Something for the Weekend: Review “How to Fix a Drug Scandal” on Net



The Roman poet Juvenal posed the following question, “Quis custodiet ipsos custodes?”, which has often been translated as “Who watches the watchers?” The world has been forced to confront this question as of late due to the untimely and malignant death of George Floyd at the hands of the Minneapolis Police.

As brutal as the police can be, there was some comfort in thinking that other processes might work better; our faith in science, particularly in this time of coronavirus, is almost as strong as a religious belief.  We rely on science to cure our diseases, make our mobile phones faster, and to tell us the truth.

However, scientists are human beings, and they can be just as flawed as any other kind.  Sometimes these flaws manifest themselves in gross acts of injustice.  A recently released documentary, “How to Fix a Drug Scandal”, now available on Netflix, shows how this took place in two separate instances in the state of Massachusetts.

The documentary focuses on two stories from opposite sides of the state: first is Sonja Farak, a chemist working in a lab in Amherst, Massachusetts.  The other narrative comes from another chemist, Annie Dookhan, who worked in Boston.  Both were charged with a key responsibility: when the police seize drugs, they rely on chemists to test them in order to ensure that what they’ve grabbed isn’t just washing powder.  The rules of evidence demand that these tests occur. For two very different reasons both Farak and Dookhan skewed their results, and many miscarriages of justice were the result. 

Farak was a promising student; in her youth, she was the first girl to play in a boy’s American football team in her state.  She went to university and got a job as a chemist working for the criminal justice system.  She apparently found the job stultifying to the point that she began stealing drugs from the lab in which she worked; the narcotics became a psychological crutch.  Among other things, she stole methamphetamines.  Her work became suspect; however, it took many years for her to be caught.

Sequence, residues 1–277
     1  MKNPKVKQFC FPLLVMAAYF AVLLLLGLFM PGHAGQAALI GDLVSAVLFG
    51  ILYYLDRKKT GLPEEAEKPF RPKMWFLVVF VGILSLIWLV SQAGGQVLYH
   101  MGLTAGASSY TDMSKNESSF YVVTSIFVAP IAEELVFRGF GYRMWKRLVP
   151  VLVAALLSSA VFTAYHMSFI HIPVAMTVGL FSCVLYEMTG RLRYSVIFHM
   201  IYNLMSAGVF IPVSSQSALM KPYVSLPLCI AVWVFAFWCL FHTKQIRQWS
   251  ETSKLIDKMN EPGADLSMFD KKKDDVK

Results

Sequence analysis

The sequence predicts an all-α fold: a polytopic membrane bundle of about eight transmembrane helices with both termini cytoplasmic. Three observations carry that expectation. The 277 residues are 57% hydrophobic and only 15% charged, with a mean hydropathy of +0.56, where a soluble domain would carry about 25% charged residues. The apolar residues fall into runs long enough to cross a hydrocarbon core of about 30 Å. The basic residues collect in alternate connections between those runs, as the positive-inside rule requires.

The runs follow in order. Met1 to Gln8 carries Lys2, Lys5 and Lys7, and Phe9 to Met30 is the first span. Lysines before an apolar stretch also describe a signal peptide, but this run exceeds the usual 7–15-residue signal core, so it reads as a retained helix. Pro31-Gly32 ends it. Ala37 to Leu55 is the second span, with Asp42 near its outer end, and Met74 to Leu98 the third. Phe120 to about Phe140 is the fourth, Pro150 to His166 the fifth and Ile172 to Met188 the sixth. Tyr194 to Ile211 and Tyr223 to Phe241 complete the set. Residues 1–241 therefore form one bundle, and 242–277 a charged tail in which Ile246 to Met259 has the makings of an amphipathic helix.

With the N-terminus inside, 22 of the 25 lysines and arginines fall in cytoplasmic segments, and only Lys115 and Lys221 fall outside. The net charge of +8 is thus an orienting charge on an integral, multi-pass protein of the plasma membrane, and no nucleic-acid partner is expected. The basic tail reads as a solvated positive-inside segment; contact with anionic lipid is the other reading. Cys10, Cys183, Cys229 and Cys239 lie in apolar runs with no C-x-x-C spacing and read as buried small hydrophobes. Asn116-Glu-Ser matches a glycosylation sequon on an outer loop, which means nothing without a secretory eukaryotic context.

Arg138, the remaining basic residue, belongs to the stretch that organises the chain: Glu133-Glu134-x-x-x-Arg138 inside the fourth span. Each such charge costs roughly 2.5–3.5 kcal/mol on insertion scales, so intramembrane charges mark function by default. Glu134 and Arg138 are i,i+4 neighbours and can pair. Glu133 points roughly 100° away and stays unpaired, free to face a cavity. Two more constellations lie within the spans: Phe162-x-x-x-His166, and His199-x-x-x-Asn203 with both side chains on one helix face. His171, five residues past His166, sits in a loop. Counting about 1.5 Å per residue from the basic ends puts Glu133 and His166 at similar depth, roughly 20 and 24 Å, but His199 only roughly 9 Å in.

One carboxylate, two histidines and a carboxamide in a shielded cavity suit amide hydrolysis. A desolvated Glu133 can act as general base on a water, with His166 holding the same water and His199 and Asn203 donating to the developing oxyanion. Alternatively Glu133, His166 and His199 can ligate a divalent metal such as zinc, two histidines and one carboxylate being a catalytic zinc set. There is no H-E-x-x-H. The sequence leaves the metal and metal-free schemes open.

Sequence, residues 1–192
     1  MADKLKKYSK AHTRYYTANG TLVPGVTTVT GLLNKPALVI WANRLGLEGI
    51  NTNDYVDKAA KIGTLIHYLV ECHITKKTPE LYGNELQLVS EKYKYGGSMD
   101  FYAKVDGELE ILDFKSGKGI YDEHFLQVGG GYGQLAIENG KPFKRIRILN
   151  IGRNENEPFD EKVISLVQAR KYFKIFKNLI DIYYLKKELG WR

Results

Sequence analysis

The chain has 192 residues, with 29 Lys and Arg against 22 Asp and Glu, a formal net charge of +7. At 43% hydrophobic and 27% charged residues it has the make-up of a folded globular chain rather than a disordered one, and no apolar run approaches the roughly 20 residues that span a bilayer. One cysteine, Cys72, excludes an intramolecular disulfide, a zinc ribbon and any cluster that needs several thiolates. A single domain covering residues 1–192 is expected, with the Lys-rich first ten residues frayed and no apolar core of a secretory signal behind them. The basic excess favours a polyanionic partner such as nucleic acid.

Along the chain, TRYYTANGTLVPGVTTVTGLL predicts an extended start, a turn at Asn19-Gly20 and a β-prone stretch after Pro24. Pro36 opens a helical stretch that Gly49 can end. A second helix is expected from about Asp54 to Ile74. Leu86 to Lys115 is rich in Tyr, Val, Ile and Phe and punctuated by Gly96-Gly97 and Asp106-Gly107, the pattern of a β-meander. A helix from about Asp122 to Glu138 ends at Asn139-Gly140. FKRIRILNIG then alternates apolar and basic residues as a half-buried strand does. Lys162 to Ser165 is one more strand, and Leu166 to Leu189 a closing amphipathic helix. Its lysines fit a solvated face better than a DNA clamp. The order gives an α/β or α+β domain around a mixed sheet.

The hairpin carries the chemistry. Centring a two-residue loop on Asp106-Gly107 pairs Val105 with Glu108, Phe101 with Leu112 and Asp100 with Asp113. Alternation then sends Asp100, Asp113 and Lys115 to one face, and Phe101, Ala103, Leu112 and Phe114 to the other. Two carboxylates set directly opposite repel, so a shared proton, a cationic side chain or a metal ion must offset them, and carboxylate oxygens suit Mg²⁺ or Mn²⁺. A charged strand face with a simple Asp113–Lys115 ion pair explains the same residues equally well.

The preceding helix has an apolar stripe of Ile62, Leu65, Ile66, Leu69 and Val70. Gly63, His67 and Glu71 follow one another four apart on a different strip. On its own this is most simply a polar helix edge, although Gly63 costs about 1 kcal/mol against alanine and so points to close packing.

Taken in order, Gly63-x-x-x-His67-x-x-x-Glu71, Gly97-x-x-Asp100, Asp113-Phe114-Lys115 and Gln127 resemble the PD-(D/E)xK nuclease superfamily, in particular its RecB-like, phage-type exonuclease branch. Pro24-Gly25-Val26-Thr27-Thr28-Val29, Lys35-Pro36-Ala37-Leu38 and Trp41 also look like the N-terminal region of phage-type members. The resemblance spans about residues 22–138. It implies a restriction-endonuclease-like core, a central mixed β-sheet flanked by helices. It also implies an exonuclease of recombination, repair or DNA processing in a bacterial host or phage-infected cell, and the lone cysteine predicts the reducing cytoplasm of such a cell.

Dookhan’s story is just as stark.  She was a highly driven person who wanted to be noted for testing samples quickly. The problem was that she got into the habit of signing off tests without actually performing them.  This led to many false results.

The documentary presents both Farak and Dookhan as human beings; neither are particularly sinister, both are troubled.  The system is shown to be underfunded and under pressure; the work they do is dull and repetitive. The documentary forces the viewer to realise that the police finding say, a white powder on a suspect may not be an “Ah ha” moment; science is required to ensure that the individual in question wasn’t baking a cake prior to arrest.  It should also make the viewer think more scientifically about science: so long as it is done by human beings, science, and thus fact, can be skewed by individual foibles, flaws, and failings.  The best science is the one that removes this element from the process as far as possible.

We return to Juvenal’s question: who watches the watchers?  In the case of Massaschusetts’ drugs labs, the Attorney General’s office was supposed to perform this function.  The Attorney General who was in charge while much of Farak and Dookhan’s malfeasance took place was Martha Coakley.  She was previously notable for losing to a Republican, Scott Brown, in a Senate race in Massachusetts, which is a deeply Democratic state.  She is now a lobbyist for Juul, the e-cigarette company that has run into trouble because they’ve been selling their product to minors. 

Her successor, Maura Healey, appears to be determined to undo Coakley’s mistakes.  However, who watches the watchers?  The documentary, while enthralling, leaves this disturbing question hanging in the air.





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Posted 2 years ago

So I've now saved this show to my Netflix watch list. Thanks for the review, Christian.


Posted 2 years ago

oooo this is definitely worth a watch